POKELLMON : Results and Experiments

Before we discuss the results, it is essential for us to understand the battle environment. At the beginning of a turn, the environment receives an action-request message from the server and will respond to this message at the end, which also contains the execution result from the last turn. 

  1. First parses the message and updates local state variables, 2. then translates the state variables into text. The text description has mainly four parts: 1. Own team information, which contains the attributes of Pokémon in-the-field and off-the-field (unused).
  2. Opponent team information, which contains the attributes of opponent Pokémon in-the-field and off-the-field (some information is unknown).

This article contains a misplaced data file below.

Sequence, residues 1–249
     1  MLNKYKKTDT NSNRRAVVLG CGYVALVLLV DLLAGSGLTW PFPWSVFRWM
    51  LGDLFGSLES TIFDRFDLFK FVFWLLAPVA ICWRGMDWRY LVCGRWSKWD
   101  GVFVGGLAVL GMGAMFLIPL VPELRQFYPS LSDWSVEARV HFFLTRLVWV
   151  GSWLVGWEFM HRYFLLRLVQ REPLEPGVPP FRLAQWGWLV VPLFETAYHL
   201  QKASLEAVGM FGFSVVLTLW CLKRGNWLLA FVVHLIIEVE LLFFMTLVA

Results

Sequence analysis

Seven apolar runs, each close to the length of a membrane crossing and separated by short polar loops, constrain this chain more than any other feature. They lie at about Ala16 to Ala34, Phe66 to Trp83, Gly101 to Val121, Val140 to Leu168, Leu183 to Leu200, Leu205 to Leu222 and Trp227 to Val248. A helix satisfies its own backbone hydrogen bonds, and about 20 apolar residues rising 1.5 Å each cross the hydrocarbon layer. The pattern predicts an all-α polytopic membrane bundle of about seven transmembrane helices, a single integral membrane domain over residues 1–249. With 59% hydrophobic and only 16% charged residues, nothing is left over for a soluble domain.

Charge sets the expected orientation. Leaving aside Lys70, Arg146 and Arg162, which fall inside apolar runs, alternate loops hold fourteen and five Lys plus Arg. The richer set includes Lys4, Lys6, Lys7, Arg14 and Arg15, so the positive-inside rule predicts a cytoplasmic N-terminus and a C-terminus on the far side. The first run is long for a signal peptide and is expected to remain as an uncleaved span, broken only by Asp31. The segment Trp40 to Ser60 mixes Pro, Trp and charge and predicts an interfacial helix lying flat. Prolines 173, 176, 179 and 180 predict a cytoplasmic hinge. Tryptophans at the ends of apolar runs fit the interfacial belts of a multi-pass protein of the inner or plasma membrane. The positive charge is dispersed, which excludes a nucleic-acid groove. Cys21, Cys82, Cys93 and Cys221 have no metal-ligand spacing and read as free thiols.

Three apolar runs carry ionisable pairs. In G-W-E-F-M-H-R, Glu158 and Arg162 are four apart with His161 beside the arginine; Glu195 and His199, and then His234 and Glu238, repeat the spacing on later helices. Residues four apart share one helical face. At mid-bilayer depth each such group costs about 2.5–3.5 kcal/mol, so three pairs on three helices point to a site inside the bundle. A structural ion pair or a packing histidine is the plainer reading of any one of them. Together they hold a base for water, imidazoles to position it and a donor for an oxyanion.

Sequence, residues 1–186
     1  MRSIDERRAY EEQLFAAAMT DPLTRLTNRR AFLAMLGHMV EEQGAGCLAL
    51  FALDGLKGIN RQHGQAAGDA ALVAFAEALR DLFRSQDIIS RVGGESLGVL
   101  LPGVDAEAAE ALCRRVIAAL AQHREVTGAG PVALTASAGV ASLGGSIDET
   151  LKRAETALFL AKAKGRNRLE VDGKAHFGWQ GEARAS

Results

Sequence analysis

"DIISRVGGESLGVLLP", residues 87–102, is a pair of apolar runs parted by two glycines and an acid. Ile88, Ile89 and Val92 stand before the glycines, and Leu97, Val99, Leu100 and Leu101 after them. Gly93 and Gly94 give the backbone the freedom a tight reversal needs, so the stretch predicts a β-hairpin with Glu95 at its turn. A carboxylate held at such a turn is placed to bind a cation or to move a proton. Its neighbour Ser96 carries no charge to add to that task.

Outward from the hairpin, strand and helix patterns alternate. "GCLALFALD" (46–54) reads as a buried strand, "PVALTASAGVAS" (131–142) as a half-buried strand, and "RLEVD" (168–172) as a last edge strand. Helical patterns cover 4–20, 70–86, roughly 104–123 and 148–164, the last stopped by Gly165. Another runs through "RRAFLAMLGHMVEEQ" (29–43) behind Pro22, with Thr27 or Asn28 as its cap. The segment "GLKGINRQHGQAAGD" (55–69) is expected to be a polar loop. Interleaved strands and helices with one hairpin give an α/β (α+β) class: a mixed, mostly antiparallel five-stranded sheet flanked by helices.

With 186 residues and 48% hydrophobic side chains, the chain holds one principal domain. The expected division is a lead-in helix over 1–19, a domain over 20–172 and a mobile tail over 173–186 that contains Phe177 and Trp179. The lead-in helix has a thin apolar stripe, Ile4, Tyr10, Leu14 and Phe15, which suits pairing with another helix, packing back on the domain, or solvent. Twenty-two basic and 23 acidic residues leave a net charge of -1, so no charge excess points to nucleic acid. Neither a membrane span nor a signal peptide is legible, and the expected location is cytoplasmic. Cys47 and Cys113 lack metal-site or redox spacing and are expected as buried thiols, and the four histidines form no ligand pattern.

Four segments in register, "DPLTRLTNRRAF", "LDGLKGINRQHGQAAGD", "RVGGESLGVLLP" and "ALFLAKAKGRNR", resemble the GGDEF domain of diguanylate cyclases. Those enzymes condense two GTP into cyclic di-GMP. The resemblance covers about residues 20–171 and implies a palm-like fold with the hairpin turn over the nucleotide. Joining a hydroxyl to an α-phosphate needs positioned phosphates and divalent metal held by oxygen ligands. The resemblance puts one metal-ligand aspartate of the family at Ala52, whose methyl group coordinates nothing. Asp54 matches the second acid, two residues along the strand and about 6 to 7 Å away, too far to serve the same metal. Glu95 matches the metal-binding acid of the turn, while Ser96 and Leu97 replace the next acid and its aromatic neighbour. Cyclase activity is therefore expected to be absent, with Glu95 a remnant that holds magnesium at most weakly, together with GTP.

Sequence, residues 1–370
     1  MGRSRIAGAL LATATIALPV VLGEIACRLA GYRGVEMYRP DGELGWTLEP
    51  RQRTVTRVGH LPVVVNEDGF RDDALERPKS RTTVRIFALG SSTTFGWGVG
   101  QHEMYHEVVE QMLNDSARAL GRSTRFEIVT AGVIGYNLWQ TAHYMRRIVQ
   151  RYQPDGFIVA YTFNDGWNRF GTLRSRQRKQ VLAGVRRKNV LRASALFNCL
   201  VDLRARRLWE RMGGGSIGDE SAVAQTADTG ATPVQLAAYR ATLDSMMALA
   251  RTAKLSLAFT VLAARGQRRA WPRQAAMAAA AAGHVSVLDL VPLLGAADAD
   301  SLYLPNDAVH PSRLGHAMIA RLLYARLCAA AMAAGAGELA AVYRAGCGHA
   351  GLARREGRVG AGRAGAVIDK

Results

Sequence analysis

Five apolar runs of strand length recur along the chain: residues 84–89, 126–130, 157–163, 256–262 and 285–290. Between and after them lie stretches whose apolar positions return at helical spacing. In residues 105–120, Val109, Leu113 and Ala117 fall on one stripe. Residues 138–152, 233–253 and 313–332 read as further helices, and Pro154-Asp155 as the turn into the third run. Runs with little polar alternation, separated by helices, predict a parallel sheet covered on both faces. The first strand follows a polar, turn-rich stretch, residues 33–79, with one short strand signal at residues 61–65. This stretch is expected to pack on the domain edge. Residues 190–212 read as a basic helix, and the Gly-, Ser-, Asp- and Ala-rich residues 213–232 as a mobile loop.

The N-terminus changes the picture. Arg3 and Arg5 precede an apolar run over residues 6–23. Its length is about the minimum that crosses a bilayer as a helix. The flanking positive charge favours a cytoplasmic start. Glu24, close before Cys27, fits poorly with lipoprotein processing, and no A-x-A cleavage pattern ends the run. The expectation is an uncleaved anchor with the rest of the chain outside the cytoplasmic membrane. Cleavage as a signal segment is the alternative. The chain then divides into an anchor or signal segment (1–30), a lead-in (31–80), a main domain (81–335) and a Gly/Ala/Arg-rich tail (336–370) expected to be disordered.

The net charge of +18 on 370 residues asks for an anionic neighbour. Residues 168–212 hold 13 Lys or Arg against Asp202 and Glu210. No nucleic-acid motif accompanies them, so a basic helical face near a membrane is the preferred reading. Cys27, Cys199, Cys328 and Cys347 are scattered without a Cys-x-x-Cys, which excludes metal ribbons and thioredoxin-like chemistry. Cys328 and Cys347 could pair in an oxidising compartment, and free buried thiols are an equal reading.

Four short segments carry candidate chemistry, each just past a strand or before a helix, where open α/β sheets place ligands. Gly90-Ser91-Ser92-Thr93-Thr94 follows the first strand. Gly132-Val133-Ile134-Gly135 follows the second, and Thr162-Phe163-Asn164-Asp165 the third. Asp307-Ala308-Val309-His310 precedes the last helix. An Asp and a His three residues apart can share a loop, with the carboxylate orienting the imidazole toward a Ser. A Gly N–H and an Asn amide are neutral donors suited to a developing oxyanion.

3. Battlefield information, which includes the weather, entry hazards, and terrain.
  4. Historical turn log information, which contains previous actions of both Pokémon and is stored in a log queue. LLMs take the translated state as input and output actions for the next step. The action is then sent to the server and executed at the same time as the action done by the human.

Battle Against Human Players

The following table illustrates the performance of the POKELLMON agent against human players. 

As it can be observed, the POKELLMON agent delivers performance comparable to ladder players who have a higher win rate when compared to an invited player along with having extensive battle experience. 

Battle Skill Analysis

The POKELLMON framework rarely makes a mistake at choosing the effective move, and switches to another suitable Pokemon owing to the Knowledge Augmented Generation strategy.